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TRC Final Report
Page Number (Original) 367
Paragraph Numbers 140 to 151
The murder of Majalefa Mpohohle
On 25 December 1984, Mr Majalefa Aaron Mpohohle was stabbed to death in Kroonstad by members of the gang when he went to the rescue of his cousin who was being threatened with rape. Six gang members were charged for the murder, and were convicted in 1988 [CR 25/12/85; KZN/PJM/012/KRS].
140 Affidavits made to the Commission also indicate that the police were involved in creating and supporting the gang and that justice officials, including magistrates and prosecutors, worked to undermine criminal prosecutions against gang members. Testifying before the Amnesty Committee, Mr PM Thulo alleged that a prosecutor in Kroonstad supported the gang and helped them evade prosecution. He said that magistrates deciding cases were guided by the views of prosecutors. Thulo named one magistrate in particular who would be called, together with the prosecutor, specifically to deal with cases involving gang members. Their sympathy with the gang frequently ensured that charges against gang members were dropped.8 This is corroborated by the evidence of JJ de Ru before the Amnesty Committee. De Ru said that, on the recommendation of the prosecutor, gang leader Diwithi Ramasimong was often discharged from custody whilst being held on serious charges.
141 In giving evidence before the Amnesty Committee, MS Taka and FM Taje, the sister of gang leader Diwithi Ramasimong, said that gang members became members of the Inkatha Freedom Party (IFP) in the 1990s. This was allegedly encouraged by the prosecutor and a member of the SAP, who told gang members that criminal cases against them would be viewed as political if they were IFP members.9
142 According to PM Thulo, who commanded the ANC SDUs in Kroonstad, a municipal office-bearer assisted the Three Million Gang in a variety of ways. His minibuses were used to transport gang members to an attack on the community of Moakeng and also to ferry gang members to and from town for court appearances.10 According to police detective JJ de Ru, the Three Million Gang would collect rent and service monies for the council. De Ru claimed that municipal office-bearers supplied gang members with ammunition and paid for their funerals.11
143 Allegations were made that police members accompanied the Three Million Gang on operations against the UDF/ANC, that they participated in attacks, provided weaponry and obstructed criminal prosecutions against gang members. In his evidence to the Amnesty Committee, Mr Dennis Bloem of the Bloemfontein branch of the ANC, said:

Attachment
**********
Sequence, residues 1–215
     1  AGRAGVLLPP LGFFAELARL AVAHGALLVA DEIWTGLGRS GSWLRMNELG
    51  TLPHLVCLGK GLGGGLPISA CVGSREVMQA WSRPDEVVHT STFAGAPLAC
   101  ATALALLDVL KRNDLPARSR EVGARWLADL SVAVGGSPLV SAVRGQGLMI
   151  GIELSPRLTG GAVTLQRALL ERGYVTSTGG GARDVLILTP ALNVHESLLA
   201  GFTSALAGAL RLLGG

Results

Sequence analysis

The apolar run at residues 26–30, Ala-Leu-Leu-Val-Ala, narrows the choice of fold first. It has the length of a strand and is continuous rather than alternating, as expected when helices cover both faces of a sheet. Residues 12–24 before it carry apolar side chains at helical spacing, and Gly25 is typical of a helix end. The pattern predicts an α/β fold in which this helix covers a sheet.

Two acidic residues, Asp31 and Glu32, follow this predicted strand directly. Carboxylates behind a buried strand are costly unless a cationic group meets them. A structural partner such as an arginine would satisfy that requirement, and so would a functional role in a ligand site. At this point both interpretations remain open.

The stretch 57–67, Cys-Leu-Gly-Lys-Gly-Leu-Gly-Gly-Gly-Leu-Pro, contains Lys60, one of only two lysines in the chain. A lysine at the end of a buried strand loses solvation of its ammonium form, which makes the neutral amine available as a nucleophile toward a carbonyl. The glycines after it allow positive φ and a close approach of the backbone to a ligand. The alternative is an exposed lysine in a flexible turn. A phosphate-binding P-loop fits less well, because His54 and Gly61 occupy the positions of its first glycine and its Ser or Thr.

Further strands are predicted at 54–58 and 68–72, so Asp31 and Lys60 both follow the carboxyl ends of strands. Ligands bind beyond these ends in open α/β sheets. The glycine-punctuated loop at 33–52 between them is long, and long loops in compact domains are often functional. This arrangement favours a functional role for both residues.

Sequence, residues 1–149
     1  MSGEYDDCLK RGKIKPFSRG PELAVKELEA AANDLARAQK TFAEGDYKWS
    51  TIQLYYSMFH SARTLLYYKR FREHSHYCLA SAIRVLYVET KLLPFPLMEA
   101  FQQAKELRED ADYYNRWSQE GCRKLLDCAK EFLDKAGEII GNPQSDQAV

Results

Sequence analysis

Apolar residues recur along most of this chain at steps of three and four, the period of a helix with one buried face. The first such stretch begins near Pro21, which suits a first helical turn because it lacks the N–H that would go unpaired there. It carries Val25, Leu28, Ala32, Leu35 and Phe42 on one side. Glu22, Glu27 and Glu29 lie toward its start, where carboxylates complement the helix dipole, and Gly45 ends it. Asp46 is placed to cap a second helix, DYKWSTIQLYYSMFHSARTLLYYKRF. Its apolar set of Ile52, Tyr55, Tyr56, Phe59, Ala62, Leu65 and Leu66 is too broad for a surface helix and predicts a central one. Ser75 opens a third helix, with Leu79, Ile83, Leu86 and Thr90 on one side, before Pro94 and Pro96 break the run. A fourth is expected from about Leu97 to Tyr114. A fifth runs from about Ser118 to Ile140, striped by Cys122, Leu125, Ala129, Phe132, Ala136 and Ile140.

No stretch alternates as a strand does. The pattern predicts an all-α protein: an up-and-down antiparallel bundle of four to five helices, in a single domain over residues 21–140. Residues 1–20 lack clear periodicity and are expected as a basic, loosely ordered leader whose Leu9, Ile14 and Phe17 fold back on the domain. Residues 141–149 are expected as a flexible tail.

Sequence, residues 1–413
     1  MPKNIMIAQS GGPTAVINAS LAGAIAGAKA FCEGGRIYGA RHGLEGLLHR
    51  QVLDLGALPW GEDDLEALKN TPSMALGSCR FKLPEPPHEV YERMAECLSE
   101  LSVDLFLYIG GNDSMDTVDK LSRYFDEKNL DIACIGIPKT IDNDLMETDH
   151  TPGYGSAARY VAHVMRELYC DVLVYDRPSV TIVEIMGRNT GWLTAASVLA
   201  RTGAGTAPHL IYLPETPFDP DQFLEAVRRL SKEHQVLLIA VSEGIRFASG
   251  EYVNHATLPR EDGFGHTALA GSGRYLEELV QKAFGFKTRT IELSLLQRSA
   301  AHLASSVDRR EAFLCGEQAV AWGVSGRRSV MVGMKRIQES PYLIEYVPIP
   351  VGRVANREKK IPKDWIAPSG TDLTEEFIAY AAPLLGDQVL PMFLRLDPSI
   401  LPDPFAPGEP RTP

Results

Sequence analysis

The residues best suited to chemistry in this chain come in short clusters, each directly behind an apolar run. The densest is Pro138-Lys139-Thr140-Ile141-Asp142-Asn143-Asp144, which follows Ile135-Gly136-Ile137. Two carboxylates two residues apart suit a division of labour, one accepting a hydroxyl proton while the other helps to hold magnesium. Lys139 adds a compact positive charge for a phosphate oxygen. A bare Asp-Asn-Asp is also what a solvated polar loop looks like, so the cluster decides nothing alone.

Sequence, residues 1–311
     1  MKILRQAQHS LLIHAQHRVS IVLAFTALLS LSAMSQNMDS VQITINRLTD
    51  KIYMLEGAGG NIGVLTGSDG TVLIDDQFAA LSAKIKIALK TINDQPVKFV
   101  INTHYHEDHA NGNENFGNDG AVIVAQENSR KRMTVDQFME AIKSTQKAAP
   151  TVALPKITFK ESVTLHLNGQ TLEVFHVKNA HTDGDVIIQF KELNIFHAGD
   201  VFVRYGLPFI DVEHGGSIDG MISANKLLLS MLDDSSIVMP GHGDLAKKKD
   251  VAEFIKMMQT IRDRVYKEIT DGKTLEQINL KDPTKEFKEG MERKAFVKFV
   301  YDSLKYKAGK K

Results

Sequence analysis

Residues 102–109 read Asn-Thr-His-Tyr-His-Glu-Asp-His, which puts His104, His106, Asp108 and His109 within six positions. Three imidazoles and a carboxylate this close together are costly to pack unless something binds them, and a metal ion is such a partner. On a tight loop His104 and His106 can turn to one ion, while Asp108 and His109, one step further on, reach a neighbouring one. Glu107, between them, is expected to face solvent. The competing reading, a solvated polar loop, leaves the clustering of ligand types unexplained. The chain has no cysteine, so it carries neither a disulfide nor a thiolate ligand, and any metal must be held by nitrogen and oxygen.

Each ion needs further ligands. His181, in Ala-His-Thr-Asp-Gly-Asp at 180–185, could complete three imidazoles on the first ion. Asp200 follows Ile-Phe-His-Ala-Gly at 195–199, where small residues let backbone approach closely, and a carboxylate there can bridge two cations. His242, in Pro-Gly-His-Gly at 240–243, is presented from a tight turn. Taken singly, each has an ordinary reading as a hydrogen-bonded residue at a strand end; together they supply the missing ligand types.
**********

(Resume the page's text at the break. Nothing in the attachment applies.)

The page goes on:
You see on various occasions what would happen would be this, for instance. [There was] one case where the Premier Milling Company, their employees, were on their way to go and arrest the Three Million Gang and take them to the charge office. The police, who were already in Troubou there where the Three Million Gang members lived, intervened. The police were waiting in their Casspirs [armoured personnel carriers] on an open piece of land; they were waiting for the Premier Milling employees.
I was present. I was sitting in a car with a certain Mr Touw to see what the police would do. The police chased away these workers, they shot teargas, whilst the Three Million Gang were present amongst the members of the police in between the Casspirs so these people were overcome by teargas. I clearly saw that the police did not take any action against the Three Million Gang [who had] weapons [while] these Premier Milling employees were unarmed.
144 Mr Bloem told the Commission’s Amnesty Committee that a period of relative calm prevailed from about 1986 to 1990 when Ramasimong was in prison for gang-related activities.12 In 1992, Ramasimong was himself killed and it is claimed that the activities of the gang diminished following his death. An ANC self-defence unit member, Mr Roland Petrus, was convicted in 1992 for Ramasimong’s death.13
145 ‘Anti-comrade’ groups proliferated in towns in the province. Mr Mphithizeli Nelson Ngo told the Amnesty Committee that Security Branch headquarters in Bloemfontein mandated Security Police in Brandfort to recruit an ‘anti-comrade’ group in Brandfort. This was done with the co-operation of a local councillor. It was said that a prison department sergeant recruited convicted criminals from prisons and assumed a leadership position in the group himself. The group’s task was to confront political activists from the UDF or civic organisations where they congregated in shebeens and recreational facilities, pick fights with them and plant knives and firearms on the bodies of people who were killed. This was meant to help in the cover-up of the Security Branch’s own activities.